Publication: Eurasia Daily Monitor Volume: 3 Issue: 104

Kyrgyz Armed Forces Day, scheduled for May 27, normally passes with a routine military parade. However, in the current tense political climate in Kyrgyzstan, routine has given way to suspicion and rumor. Opposition groups ignited controversy surrounding the parade, notably the “For Reforms” movement, by scheduling a mass rally in Ala-Too Square, Bishkek, on the same day. Kyrgyz Defense Minister Ismail Isakov reluctantly announced that the parade would be postponed to May 29, since the scheduling conflict with the political demonstration appeared too coincidental. In fact, Isakov went to great lengths to explain publicly why the date had been chosen and tried his best to allay fears that the parade was meant to intimidate (Public Educational Radio and TV, May 22).

Corruption, underfunding, and the problems of Soviet-legacy forces combine to make Kyrgyzstan’s weak armed forces and security structures struggle to cope with security threats. Put simply, they are not up to the job. Add to this their generally poor reputation among the public and the failure of the March 2005 “color revolution” to bring the plurality many hoped for and the continued reporting of incompetence within key security agencies, it becomes clear that the Kyrgyz authorities suffer from more than just a public relations problem.

Myrzakan Subanov, commander of the Kyrgyz Border Service, admitted on May 22 that the border troops could not control the national borders — a fact noted time and time again by many outside the country and the basis of much American security assistance. He attributed this to a lack of manpower and the means to patrol the porous border. This admission is entirely consistent with reporting on the militant attacks in the country on May 12 (see EDM, May 23). The military intelligence service knew these incursions were planned and passed the information to the Security Council, which in turn alerted the border service. However, the militants were able to penetrate poorly protected parts of the border. Subanov noted the scale of the task facing his country, commenting that it is only feasible to patrol sections of the border: “We should have trustworthy, daily, and regular intelligence. It is obvious that the intelligence service made a bad work of it this time. The next thing is interaction [between security agencies], which must be agreed in advance on how we are to cooperate in such situations,” Subanov said. The border service is weak, in Subanov’s view, but he blames the intelligence service.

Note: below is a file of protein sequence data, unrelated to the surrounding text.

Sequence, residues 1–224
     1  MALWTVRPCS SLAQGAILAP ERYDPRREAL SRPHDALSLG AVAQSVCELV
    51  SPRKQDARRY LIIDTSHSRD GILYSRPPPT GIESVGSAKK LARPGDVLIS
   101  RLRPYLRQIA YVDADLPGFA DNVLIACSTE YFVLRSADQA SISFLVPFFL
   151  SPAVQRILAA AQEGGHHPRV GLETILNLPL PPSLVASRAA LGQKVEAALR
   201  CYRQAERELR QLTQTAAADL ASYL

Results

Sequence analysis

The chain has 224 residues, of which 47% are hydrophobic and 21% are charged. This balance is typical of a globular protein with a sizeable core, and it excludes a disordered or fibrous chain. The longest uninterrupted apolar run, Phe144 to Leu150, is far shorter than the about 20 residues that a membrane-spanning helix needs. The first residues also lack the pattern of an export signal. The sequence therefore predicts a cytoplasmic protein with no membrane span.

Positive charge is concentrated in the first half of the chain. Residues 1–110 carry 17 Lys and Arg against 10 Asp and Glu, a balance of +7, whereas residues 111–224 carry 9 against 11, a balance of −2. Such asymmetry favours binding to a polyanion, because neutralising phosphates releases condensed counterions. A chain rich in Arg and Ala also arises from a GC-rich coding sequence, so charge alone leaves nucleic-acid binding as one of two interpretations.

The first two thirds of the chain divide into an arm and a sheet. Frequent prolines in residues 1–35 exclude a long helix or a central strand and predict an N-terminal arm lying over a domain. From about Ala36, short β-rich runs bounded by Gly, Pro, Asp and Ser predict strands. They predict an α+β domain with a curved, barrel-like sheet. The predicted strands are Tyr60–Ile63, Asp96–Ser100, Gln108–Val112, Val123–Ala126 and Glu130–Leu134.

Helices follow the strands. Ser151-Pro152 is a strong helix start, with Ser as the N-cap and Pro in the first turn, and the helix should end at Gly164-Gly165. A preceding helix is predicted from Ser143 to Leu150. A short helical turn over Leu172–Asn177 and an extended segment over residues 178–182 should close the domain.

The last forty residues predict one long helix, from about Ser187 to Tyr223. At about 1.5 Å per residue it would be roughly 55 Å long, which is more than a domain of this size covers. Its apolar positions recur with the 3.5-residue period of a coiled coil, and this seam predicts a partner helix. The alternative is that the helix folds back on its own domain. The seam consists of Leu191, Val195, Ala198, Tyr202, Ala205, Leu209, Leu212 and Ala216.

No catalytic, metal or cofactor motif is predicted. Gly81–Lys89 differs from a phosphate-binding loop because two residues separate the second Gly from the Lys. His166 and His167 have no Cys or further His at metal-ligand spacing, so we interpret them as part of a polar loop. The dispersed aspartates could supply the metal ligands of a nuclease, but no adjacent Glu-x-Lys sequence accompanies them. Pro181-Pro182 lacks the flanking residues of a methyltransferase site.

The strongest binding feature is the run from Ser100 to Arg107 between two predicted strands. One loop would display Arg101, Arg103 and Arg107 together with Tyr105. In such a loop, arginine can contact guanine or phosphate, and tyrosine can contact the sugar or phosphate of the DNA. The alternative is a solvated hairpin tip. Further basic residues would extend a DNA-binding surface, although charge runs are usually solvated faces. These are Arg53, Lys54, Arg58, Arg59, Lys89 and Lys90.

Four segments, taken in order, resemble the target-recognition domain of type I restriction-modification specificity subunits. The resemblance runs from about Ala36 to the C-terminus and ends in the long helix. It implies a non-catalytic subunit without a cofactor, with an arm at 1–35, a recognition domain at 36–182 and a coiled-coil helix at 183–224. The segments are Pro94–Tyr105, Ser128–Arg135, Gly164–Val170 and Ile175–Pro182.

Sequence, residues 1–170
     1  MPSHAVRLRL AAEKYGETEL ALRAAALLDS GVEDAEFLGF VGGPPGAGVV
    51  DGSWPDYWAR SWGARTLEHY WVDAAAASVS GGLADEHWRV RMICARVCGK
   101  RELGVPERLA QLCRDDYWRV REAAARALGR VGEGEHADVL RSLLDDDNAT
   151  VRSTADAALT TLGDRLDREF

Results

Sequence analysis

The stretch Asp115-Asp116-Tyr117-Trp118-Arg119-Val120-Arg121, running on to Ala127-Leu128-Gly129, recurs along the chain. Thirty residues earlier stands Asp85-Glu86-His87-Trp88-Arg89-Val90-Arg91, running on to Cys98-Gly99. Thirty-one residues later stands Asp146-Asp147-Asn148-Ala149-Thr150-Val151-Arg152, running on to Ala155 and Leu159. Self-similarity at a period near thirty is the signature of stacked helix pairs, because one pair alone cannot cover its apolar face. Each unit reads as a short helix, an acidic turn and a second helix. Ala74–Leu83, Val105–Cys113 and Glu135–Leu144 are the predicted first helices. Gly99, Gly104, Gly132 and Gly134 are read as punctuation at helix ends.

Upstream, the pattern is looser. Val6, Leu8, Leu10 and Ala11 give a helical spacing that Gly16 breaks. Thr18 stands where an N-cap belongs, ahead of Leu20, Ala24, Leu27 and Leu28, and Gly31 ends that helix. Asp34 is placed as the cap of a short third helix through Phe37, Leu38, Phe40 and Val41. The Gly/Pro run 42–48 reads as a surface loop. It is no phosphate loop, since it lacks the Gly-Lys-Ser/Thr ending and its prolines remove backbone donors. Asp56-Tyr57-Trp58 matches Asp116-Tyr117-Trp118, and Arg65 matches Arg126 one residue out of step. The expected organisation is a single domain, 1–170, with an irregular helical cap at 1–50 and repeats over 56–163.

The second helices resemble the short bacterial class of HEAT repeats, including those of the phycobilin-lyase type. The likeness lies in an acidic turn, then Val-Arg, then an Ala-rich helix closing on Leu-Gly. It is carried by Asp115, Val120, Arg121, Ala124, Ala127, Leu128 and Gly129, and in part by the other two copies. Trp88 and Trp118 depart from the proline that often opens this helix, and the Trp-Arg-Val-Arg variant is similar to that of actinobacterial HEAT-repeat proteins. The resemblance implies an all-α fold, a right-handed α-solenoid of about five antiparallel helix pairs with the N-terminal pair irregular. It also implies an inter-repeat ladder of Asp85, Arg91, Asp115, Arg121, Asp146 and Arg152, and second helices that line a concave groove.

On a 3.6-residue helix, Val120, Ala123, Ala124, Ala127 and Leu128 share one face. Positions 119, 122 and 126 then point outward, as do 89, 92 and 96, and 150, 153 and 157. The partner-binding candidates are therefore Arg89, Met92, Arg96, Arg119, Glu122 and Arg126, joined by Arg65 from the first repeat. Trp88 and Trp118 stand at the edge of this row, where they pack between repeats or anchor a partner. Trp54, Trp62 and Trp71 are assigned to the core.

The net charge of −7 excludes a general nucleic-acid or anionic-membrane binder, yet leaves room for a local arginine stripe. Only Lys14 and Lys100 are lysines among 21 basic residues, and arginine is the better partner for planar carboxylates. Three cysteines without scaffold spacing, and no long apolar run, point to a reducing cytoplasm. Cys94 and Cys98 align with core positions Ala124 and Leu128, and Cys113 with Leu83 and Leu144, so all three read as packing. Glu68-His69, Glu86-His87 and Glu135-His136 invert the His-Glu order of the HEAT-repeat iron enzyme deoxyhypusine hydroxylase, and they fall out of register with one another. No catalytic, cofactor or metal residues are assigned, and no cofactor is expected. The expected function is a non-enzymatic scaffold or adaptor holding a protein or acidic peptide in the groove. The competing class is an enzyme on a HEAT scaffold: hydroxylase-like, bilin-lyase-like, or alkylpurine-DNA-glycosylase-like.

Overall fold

The area where the militants were engaged is mountainous, and this seems to explain the avoidance of Russian assistance. Isakov appealed for more foreign aid, “We have enough manpower to maintain the security of the country. If you support us, if we have financing, if officers are trained in new combat methods, naturally, we shall be able to do a much better job of maintaining security of Kyrgyzstan, and that’s what we are trying to do today” (Pyramid TV, Bishkek, May 22). Evidently, the defense minister believes sufficient manpower exists: his solution is to give the country more money.

The elite National Guard has suffered personnel problems at the highest levels as the regime struggles to find suitable senior commanders. On May 25 Reserve Colonel Sultan Kurmanov was relieved of his post as commander of the National Guard. His replacement, Major-General Asanbek Alymkozhoyev, a former commander of the Southern Army Group, held no official post before his promotion. Kurmanov had only been in his post since September 2005, when he replaced General Abdygul Chotbayev. On May 26, two deputy commander posts were abolished at the Kyrgyz National Guard on presidential orders (24 kg, May 26).

Kyrgyz intelligence is in turmoil. Busurmankul Tabaldiyev, head of the National Security Service (NSS), has denied rumors that a large-scale purge is imminent within the ranks of the intelligence service. He stressed the importance of his agency being allowed to work stably. Tabaldiyev has fought hard to achieve such stable conditions, campaigning for officers with state security police training to work within the NSS. He also wants these officers to be trained at specialist FSB educational centers in Russia.

Tabaldiyev advocates the creation of a National Anti-Terrorist Center, placed under the operational authority of the NSS. He has made these views known to the Kyrgyz parliament’s committee for defense, security, law, order, and information policy. He wants to enhance specialist units in all security services, supplying modern weapons and communications in order that special response units will have an edge on drug smugglers and terrorists. The creation of special units consisting of highly skilled contract servicemen is also under consideration. He presents himself as a man with many ideas.

Tabaldiyev told the Kyrgyz parliament that isolated groups of the Islamic Movement of Uzbekistan (IMU) are active in Central Asia and stressed the continued security threat posed by armed drug smuggling groups. The May 12 militant attack on a border post in southern Batken Region could be repeated, according to Tabaldiyev. He also blames the shortcomings in protecting the state border; he believes those stem from inadequate funding of the Border Service. Kyrgyz intelligence officers apparently believe there is a need for more border guards, patrols, checkpoints, border posts, equipment, and general support from government. For the time being, the security structures have learned one key lesson from militants testing border security: blame the border troops (Kabar, May 23, 26).